New Algorithm Charter a world-first
Hon James Shaw
Minister of Statistics
This Government has today become the first in the world to outline a set of standards to guide the use of algorithms by public agencies.
The Minister for Statistics, James Shaw, today launched the Algorithm Charter for Aotearoa New Zealand to give New Zealanders confidence that data is being used safely and effectively across government.
“We live in a data rich world where algorithms play a crucial role in helping us to make connections, and identify relationships and patterns across vast quantities of information. This helps to improve decision-making and leads to benefits such as the faster delivery of targeted public services,” James Shaw said.
Algorithms are used by agencies to help process and interpret large amounts of data, which can speed up decision-making.
“However, using algorithms to analyse data and inform decisions does not come without its risks. It is important, therefore, that people have confidence that these algorithms are being used in a fair, ethical, and transparent way. And that’s what this Charter is all about,” James Shaw said.
The Charter has been signed by 21 agencies, including the Ministry for the Environment, Ministry of Education, the Department of Internal Affairs, Ministry of Justice, and Inland Revenue. The Charter commits these agencies to a range of measures, including explaining how decisions are informed by algorithms and embedding a Te Ao Māori perspective in the development and use of algorithms.
“Most New Zealanders recognise the important role algorithms play in supporting government decision-making and policy delivery, however they also want to know that these systems are being used safely and responsibly. The Charter will give people that confidence. It will help to build public trust over the long term, meaning that we can unlock the full potential of data to improve people’s lives.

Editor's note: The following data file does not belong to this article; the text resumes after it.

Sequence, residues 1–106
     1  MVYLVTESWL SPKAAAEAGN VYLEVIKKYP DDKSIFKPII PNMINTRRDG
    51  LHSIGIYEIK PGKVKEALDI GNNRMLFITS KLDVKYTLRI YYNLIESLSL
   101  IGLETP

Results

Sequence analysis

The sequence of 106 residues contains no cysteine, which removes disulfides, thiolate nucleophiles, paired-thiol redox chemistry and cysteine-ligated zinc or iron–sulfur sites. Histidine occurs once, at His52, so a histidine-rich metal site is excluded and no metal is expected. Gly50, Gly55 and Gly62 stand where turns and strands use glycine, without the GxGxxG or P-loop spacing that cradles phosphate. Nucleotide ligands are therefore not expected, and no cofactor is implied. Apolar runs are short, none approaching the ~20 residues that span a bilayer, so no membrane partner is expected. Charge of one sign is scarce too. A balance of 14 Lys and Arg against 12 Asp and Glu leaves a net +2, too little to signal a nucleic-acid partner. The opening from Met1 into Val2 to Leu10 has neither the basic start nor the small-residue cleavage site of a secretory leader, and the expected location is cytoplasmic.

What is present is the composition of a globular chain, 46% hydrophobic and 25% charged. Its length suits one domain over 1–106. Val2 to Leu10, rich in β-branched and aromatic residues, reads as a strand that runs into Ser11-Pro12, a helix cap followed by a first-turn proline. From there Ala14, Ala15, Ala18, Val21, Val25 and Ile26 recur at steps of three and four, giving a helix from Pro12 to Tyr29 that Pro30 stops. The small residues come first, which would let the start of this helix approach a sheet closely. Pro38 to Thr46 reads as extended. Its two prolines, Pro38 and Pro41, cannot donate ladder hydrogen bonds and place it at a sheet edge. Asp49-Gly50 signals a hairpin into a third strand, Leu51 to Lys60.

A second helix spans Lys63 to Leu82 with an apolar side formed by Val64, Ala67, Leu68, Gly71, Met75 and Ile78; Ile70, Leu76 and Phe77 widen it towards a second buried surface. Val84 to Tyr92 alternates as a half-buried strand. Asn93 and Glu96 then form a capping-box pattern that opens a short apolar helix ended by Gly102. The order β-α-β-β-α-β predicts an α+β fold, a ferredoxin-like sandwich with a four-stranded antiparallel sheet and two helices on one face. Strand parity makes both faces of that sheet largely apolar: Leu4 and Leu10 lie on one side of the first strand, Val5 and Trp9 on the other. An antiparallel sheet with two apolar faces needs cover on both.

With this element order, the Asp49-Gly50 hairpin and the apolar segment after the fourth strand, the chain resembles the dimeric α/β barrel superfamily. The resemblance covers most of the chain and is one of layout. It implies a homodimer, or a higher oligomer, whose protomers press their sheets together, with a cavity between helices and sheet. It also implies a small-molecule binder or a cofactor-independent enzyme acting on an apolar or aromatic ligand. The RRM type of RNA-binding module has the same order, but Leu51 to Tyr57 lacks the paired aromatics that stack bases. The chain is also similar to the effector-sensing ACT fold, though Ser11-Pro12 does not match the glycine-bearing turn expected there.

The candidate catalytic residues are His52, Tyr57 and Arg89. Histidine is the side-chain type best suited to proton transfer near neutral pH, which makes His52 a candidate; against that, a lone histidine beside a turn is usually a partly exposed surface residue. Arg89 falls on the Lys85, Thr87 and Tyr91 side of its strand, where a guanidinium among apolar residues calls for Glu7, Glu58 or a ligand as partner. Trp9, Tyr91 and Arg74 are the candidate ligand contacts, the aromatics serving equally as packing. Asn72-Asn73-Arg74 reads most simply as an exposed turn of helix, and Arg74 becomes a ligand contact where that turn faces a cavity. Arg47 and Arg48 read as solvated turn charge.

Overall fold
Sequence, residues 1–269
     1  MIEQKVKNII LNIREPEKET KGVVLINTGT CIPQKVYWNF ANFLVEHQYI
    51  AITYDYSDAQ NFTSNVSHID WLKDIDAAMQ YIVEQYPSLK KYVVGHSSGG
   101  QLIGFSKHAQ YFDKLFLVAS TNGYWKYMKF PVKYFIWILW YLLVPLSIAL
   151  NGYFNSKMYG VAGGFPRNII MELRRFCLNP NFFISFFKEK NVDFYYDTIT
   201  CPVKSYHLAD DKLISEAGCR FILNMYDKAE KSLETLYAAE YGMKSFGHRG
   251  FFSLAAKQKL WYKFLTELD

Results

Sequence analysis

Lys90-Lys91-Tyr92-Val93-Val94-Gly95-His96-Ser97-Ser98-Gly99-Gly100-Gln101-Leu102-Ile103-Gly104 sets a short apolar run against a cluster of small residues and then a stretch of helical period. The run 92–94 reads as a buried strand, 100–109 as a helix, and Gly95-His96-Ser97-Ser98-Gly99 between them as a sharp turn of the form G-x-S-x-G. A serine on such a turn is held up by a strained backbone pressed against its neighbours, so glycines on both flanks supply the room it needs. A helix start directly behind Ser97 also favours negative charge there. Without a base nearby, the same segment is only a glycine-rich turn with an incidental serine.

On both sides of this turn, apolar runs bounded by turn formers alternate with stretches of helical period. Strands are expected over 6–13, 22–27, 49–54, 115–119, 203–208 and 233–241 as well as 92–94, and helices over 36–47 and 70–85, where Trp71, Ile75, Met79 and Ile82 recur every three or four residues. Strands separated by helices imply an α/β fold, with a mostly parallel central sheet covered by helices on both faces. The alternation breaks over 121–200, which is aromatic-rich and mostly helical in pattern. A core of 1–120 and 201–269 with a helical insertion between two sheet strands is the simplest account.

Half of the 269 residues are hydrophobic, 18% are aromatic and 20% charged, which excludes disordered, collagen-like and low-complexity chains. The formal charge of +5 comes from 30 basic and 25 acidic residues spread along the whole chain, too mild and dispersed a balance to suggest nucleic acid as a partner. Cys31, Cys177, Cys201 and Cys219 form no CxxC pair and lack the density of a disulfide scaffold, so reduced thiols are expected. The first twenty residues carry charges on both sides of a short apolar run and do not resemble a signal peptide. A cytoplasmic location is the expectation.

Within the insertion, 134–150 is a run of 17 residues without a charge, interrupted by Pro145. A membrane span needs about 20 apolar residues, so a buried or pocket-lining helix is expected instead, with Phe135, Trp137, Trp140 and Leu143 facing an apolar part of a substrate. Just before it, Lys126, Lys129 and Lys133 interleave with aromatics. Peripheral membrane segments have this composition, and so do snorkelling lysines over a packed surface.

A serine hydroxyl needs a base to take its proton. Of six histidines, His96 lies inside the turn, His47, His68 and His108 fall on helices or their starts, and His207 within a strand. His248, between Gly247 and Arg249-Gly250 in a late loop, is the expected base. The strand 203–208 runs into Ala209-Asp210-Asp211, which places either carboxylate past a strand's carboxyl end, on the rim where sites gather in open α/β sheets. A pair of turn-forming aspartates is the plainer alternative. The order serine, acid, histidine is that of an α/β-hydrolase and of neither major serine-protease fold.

“Today we have set a world-leading example of how government can work with diverse groups of people, communities and organisations to improve transparency and accountability in the use of data. It is an example that we hope others will follow,” James Shaw said.
The agencies that have signed the Charter so far are:
The Department of Corrections, Ministry of Education, Ministry for the Environment, Ministry of Housing and Urban Development, Department of Internal Affairs, Inland Revenue, Ministry of Justice, Land Information New Zealand, Ministry of Māori Development, Oranga Tamariki—Ministry for Children, Ministry for Pacific Peoples, Ministry for Social Development, Statistics New Zealand, Ministry of Transport, the NZ Transport Agency, Te Kāhui Whakamana Rua Tekau mā Iwa—Pike River Recovery Agency, Ministry for Women, the Social Wellbeing Agency, New Zealand Defence Force, Te Arawhiti, and the Accident Compensation Corporation.
The Algorithm Charter for Aotearoa New Zealand follows a recommendation by the Government Chief Data Steward and Chief Digital Officer, who said in a 2018 report that the safe and effective use of operational algorithms required greater consistency across Government.
The Charter draws on the Principles for the Safe and Effective Use of Data and Analytics co-designed by the Government Chief Data Steward and the Privacy Commissioner.
The Charter is one of a wide range of government initiatives to improve transparency, including the convening of an independent data ethics advisory group and work on improving data ethics education at a tertiary level.
New Zealand is also a signatory to the International Open Government Partnership.